Sunday, December 19, 2010

Christmas is coming, and magic is afoot

All Those Christmas Cliches” is a simple, beautiful song I heard for the first time this month. A woman sang it at Esmeralda’s Lounge at Riverside Theatre Works in Hyde Park on piano night, and people stopped talking and glasses stopped clinking and the crowd paid attention.
I don’t know why the radio stations don’t play it. They’ve been airing the same holiday tunes over and over for a month. This wistful ballad would be a nice addition.

“I want the tree full of toys and tinsel, I want the wreath on the red front door. I want the elves in the yard and each sentimental card dripping glitter on the floor.”

When I took my granddaughter, Lucy, to Jordan’s Furniture in Avon to see the refurbished Enchanted Village last weekend, I found myself thinking about this song and about the importance of continuity and tradition in a world that is so full of change.

Here were the same little houses and storefronts I saw when I was a child, the same animated figures, boys and girls playing, dogs barking, carolers singing, and the same awe in the faces of the children, the same Christmas magic.

I thought about the song again when I took another granddaughter to see Santa Claus at the South Shore Plaza. There was Santa and there were a dozen little kids dressed up and waiting in line. And there was Charlotte, refusing to go anywhere near Mr. Claus.

I have a photo of her mother when she was three (Charlotte would say, “I am three-and-a-HALF!) sitting on Santa’s lap flailing and wailing. And I have another photo taken the very next year of her smiling up sweetly at him. Tradition. Continuity.

I thought about “a tree full of toys and tinsel,” when I saw my daughters’ Christmas trees. And I thought about each sentimental card dripping glitter on the floor yesterday when I opened the mail and silver stars spilled out.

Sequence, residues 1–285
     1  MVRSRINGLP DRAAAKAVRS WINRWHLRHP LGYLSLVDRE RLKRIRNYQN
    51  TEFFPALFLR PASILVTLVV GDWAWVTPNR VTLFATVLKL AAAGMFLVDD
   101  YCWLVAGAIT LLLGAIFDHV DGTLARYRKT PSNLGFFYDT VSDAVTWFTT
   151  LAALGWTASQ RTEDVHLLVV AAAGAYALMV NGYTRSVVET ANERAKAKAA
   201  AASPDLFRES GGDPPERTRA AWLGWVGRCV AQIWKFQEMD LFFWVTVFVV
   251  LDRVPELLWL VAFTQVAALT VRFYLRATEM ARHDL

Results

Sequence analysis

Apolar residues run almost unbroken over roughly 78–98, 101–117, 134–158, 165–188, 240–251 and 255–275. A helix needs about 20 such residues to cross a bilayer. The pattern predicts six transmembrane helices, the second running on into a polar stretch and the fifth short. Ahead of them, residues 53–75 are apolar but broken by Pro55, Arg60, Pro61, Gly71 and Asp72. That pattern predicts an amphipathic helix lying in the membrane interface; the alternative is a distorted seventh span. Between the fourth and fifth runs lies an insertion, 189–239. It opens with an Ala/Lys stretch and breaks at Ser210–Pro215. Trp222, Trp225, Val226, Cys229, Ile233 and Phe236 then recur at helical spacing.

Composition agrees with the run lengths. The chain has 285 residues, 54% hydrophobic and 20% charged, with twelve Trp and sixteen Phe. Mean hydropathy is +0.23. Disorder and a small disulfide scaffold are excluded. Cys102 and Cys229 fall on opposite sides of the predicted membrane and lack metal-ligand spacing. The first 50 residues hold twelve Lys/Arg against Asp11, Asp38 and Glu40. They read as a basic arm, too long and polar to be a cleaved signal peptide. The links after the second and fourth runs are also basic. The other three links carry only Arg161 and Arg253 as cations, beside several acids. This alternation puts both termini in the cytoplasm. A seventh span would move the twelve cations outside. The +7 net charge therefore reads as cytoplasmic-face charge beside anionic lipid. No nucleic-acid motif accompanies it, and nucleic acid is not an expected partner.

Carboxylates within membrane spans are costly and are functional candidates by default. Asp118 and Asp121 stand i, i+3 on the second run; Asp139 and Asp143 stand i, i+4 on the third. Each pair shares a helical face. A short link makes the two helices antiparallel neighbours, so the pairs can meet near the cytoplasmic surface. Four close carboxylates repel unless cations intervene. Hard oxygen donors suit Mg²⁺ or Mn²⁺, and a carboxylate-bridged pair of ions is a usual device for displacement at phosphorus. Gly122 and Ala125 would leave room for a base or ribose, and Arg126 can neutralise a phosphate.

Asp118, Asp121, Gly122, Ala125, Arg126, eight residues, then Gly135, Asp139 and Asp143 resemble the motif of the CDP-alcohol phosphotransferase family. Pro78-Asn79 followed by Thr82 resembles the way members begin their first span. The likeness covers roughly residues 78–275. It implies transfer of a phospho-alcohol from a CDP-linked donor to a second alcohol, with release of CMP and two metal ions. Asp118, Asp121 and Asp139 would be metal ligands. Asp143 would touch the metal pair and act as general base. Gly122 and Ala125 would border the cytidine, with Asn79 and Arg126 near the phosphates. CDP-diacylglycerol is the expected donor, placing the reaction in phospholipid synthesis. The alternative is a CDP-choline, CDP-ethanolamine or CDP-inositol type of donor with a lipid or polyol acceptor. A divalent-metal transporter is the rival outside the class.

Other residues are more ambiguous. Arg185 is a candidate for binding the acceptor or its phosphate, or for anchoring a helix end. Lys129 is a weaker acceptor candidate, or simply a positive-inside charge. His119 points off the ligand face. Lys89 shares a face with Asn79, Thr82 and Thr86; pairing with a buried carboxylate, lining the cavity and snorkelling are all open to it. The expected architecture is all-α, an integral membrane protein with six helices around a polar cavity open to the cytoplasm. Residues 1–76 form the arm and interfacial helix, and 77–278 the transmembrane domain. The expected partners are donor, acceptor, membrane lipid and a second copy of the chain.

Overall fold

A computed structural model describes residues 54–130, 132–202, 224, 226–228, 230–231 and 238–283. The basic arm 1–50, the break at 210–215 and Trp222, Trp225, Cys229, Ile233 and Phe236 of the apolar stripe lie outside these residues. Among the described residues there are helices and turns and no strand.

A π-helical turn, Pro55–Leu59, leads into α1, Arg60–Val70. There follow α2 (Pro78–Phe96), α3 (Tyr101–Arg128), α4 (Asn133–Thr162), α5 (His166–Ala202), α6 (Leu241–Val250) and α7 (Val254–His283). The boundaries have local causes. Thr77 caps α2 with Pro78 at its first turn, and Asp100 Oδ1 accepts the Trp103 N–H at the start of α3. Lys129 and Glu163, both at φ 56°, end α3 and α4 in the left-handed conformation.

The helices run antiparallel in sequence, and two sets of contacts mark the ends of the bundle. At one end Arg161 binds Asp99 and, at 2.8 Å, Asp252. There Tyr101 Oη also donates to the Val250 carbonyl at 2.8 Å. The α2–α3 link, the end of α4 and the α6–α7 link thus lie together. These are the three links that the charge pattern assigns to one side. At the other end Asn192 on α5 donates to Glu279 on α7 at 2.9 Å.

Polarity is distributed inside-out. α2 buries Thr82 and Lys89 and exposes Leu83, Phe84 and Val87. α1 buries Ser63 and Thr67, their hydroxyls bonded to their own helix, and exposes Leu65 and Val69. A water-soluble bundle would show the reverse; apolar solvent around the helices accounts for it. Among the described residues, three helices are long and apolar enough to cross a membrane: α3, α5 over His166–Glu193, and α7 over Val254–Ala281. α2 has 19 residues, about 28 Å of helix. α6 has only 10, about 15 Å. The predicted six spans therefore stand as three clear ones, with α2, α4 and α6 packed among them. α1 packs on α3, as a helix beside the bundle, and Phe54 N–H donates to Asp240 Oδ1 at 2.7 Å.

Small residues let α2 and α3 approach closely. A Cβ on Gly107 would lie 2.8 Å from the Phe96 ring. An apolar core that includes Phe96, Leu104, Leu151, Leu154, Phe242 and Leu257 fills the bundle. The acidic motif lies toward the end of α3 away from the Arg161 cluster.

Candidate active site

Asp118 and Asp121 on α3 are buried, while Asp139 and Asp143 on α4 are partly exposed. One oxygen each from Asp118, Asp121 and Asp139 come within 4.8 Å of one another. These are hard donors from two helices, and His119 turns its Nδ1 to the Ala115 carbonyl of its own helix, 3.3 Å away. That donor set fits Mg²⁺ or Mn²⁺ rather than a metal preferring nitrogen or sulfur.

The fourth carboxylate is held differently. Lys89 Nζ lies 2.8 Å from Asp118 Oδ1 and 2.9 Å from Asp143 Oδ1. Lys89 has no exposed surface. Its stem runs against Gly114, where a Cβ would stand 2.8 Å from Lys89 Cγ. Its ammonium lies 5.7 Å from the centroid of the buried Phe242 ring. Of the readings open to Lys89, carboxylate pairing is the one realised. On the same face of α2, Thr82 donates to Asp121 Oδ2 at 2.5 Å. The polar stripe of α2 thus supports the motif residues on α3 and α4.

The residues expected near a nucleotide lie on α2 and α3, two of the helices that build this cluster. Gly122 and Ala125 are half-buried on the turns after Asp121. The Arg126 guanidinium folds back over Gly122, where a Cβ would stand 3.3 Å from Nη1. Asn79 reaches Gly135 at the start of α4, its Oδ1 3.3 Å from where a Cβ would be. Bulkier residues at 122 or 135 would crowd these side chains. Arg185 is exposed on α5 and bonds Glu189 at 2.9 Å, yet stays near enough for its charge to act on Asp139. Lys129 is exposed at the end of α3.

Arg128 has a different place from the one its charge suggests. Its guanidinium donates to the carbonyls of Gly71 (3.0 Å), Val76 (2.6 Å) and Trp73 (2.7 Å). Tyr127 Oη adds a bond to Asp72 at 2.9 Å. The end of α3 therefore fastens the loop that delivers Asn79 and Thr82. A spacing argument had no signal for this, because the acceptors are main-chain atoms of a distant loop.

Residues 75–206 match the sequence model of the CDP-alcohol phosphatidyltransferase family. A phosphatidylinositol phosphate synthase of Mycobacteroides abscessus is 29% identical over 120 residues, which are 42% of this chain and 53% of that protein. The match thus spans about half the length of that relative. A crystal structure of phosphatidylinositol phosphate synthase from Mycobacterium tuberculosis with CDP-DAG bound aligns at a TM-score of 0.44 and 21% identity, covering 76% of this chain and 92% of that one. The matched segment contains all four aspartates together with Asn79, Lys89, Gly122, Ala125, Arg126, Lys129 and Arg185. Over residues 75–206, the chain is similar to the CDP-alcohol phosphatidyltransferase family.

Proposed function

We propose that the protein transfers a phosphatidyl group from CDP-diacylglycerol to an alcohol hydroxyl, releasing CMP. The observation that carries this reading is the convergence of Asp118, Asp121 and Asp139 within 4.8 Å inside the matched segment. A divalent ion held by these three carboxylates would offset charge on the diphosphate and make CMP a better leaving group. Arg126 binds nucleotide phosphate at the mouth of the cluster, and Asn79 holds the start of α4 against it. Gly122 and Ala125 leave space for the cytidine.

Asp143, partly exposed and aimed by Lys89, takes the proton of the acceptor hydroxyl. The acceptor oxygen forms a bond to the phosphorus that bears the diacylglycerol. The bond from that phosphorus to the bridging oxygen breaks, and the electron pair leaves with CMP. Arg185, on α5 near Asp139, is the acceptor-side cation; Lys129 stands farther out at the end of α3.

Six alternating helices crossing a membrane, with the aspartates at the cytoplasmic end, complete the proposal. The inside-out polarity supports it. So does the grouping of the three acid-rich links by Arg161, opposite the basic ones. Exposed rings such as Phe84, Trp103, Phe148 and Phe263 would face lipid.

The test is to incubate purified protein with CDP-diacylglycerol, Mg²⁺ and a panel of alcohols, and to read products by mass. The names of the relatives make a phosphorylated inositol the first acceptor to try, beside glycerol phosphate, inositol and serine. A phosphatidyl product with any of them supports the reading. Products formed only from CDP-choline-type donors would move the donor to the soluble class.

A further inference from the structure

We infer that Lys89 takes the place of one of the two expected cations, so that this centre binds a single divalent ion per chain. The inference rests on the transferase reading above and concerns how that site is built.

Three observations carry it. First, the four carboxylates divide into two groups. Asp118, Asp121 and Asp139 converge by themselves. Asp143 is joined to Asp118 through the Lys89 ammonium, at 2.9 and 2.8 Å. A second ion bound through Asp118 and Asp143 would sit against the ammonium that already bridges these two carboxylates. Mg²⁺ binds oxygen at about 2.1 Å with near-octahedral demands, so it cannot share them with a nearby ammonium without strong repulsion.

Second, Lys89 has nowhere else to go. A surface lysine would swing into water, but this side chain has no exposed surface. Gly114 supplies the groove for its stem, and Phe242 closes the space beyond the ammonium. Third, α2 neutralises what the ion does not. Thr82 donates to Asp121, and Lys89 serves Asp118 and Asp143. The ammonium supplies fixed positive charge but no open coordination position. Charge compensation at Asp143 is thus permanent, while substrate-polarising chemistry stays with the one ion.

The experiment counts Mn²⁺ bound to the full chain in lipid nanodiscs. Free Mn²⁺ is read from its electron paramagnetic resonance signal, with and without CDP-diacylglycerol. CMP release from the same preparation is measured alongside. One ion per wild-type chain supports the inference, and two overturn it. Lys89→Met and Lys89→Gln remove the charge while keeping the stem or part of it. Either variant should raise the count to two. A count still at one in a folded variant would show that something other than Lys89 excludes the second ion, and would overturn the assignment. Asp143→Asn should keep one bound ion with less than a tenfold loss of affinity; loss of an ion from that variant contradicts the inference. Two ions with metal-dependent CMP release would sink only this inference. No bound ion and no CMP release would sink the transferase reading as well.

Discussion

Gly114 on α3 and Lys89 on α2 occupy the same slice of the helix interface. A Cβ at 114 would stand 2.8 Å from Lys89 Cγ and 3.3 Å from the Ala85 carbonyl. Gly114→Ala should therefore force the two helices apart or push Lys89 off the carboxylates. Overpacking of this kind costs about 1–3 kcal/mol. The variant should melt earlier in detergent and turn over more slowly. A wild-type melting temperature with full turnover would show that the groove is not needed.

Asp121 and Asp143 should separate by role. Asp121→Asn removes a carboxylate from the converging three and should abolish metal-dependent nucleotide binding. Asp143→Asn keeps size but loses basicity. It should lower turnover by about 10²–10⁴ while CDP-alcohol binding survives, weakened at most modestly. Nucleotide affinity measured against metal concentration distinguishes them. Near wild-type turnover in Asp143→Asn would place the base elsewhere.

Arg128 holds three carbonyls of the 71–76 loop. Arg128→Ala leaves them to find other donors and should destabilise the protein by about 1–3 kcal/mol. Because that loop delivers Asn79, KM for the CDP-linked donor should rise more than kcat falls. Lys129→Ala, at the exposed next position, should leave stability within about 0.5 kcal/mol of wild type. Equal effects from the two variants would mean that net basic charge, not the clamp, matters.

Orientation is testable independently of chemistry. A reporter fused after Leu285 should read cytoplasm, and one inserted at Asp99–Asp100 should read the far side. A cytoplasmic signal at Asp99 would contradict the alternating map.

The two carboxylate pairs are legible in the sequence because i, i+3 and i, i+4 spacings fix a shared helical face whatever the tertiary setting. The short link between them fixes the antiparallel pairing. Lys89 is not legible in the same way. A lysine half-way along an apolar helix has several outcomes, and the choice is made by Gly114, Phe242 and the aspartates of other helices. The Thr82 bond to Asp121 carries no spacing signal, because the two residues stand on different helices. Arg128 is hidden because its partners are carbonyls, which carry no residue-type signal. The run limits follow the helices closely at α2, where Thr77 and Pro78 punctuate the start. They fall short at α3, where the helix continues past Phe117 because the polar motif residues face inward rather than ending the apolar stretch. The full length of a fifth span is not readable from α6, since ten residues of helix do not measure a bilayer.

People say that Christmas is too much work and stress. And it is. For adults. But take away the madness of buying and hurrying and doing and fitting Christmas into already too busy lives, take away an adult’s worry about work and bills and the future, and look at Christmas only through a child’s eyes, and Christmas is what it has always been. A magical time whose essence has not changed.

When my kids were small, we made Jesus a cake and sang Happy Birthday to him every Christmas Eve. The cake and the singing may not be a well-known tradition, but so many other things are. Little girls dressed in red velvet with bows in their hair. Children gawking at dolls and trucks and bikes and sleds. Santa Claus and Frosty and Rudolph. Christmas pageants and caroling. Singing hymns. Reading “Twas the Night Before Christmas.” Watching “A Christmas Carol” and “It’s a Wonderful Life,” while cookies bake in the oven and outside there’s a dusting of snow.

A child does nothing for Christmas but wait. He waits to eat the chocolate in his Advent calendar. He waits to be cast in the church play. He waits to see Santa, to mail his Christmas letter, for school to end. He waits for Santa to come.

Everything that gives him pleasure, all the presents, the food, friends and relatives showing up at the door with more presents, the movies, the music, the fun, the festivities. For a child all this magic just happens.

Adults are the magic-makers. We shop and wrap and cook and decorate and buy the toys and hang the wreaths.

It’s not easy being Santa Claus and Martha Stewart. But it’s what we do. It’s what adults have always done.

We keep tradition. We keep the magic alive.

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